Liked by 1 person

  3. I love this post. It’s raw and it’s real. I actually view adultry different when it comes to men and women. But it’s just my opinion. For men, seeking someone elsewhere outside the marriage is more of a selfish need. It has nothing to do with emotional feelings. It’s just sex. Sex and lust. But for women it’s very much emotional. And yes it also may serve a self desire but I believe it takes alot for a woman to reach the point where she ends up having an affair. Like you said, be it loneliness or even a need to be loved and desired. You cannot judge a person on those acts only. And it’s true what you said, you don’t know what goes on between a married couple.

    Liked by 4 people

    1. In theory, I agree with you. In Bennett, there is role reversal. I would like a little bit of fun sex with him (because he’s so smitten it’s hard not to enjoy him and his attention) but he wants ALLLLLL the emotions, and I can’t go there and do that with him. He would be happy with no sex, and I can’t see the point in a relationship like that ever again. In a way, as I’m writing this to you, that may be even more harmful (for him) to fall for me rather than just enjoying the short affair for the sex.

      Liked by 1 person

  4. *** Because if you sit in such judgement, by God, you had better be perfect and whiter than white.**


    I absolutely love this post, because you have an abundance of your heart, soul, and passion fragmented inside the words.

    What is right? What is wrong? You decide. NOBODY else.

    In the end, we all make our own decisions. And GOD is the only judge.

    Great rant. You must have needed that.

    Liked by 1 person

    1. I suppose that rant was lingering, more from days gone by than current, but the current situation brought it up. The funny thing is it sounds like I am protecting Bennett and I’m really not, I’m protecting me. I suppose I do harbor some guilt or some remorse somewhere inside these bones if I write like this, but as quick as it comes, it goes. Perhaps that’s good, for me.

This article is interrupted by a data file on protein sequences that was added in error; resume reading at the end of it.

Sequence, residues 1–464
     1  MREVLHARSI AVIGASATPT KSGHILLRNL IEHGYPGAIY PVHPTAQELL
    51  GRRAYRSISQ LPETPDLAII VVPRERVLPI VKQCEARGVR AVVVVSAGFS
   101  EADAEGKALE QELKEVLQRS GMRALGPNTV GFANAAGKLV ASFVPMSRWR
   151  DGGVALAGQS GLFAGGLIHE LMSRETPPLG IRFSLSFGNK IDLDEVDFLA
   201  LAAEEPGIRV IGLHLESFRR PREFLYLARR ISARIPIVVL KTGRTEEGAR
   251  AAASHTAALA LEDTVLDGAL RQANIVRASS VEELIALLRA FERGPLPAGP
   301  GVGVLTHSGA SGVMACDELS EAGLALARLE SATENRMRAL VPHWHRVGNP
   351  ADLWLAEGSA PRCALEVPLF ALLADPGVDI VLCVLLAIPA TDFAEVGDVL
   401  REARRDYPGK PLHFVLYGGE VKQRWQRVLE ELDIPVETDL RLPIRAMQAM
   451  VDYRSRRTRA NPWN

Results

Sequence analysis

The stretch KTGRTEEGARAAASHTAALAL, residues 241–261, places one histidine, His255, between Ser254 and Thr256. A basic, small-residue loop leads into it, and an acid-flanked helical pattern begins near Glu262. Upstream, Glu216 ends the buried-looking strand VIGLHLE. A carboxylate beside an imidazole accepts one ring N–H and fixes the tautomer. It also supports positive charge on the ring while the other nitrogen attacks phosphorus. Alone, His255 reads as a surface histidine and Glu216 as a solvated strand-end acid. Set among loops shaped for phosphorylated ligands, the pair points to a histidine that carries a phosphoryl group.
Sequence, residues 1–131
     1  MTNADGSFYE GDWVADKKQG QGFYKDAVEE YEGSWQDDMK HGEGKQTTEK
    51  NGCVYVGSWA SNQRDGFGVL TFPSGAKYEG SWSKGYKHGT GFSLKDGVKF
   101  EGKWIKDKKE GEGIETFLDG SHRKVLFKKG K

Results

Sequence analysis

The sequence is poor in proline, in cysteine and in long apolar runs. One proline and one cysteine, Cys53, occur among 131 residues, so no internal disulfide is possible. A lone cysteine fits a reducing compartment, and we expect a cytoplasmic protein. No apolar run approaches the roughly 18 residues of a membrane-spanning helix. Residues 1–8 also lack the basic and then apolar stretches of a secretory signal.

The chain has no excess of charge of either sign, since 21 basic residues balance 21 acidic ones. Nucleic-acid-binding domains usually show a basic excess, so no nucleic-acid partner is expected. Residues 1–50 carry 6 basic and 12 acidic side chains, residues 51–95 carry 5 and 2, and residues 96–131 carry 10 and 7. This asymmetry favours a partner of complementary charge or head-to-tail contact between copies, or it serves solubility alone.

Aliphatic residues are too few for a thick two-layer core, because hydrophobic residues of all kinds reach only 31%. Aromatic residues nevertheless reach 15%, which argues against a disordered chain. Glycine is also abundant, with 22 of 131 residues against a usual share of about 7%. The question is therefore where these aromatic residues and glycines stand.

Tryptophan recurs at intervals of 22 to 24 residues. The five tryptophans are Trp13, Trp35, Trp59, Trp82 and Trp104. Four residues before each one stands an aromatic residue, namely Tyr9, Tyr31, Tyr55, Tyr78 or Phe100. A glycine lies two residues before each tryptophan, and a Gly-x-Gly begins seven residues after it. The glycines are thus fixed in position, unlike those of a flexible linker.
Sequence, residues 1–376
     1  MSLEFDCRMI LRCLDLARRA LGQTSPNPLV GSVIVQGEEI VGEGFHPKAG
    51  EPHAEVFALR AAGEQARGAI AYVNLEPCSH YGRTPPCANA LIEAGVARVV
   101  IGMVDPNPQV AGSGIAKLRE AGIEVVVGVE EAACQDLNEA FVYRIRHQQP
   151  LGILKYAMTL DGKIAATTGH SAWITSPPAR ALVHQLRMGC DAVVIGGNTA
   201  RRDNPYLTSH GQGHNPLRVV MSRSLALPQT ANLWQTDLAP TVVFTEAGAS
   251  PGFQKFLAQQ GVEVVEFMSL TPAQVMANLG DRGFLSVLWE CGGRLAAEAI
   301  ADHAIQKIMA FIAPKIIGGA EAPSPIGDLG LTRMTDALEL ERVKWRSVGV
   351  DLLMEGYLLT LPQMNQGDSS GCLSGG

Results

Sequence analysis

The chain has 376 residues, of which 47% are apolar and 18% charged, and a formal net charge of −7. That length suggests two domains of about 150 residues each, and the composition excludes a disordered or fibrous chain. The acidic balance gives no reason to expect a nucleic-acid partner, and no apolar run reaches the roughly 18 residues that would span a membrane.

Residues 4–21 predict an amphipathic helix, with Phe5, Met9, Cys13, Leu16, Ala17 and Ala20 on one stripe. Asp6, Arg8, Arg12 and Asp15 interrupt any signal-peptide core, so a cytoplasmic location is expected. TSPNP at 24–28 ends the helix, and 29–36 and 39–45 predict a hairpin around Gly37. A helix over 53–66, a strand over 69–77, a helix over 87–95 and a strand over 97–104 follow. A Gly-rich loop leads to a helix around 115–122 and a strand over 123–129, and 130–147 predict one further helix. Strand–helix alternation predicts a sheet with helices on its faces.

And thank you for such a generous compliment about my writing.


  5. I read the post about Bennett, as I do all your posts, but I have not had opportunity to comment or to read the comments there. So mostly I am sorry you felt moved, or judged, to writing this rant. It’s well stated, and perhaps it is something that needed to be written anyway.

    I’ve been reading and following you since your very first posts, and I have noted tremendous personal growth in that period as you have gained experience and confidence in navigating and building a new life for yourself. Being human with is an imperfect thing, and no two of us are exactly alike. Some feel justified in claiming a moral high ground from the experiences and histories that have shaped them, other take a more moderate tone in outlining their concerns about your behaviors and decisions. I have long admired your openness in sharing what you do about your life and times – the good and the not so good. As the months have passed your selection process has evolved and includes more practical, rational methodology alongside the impulsive, emotion, and attraction factors. After all, there has not been a repeat of the dreadful Brix experience in recent months.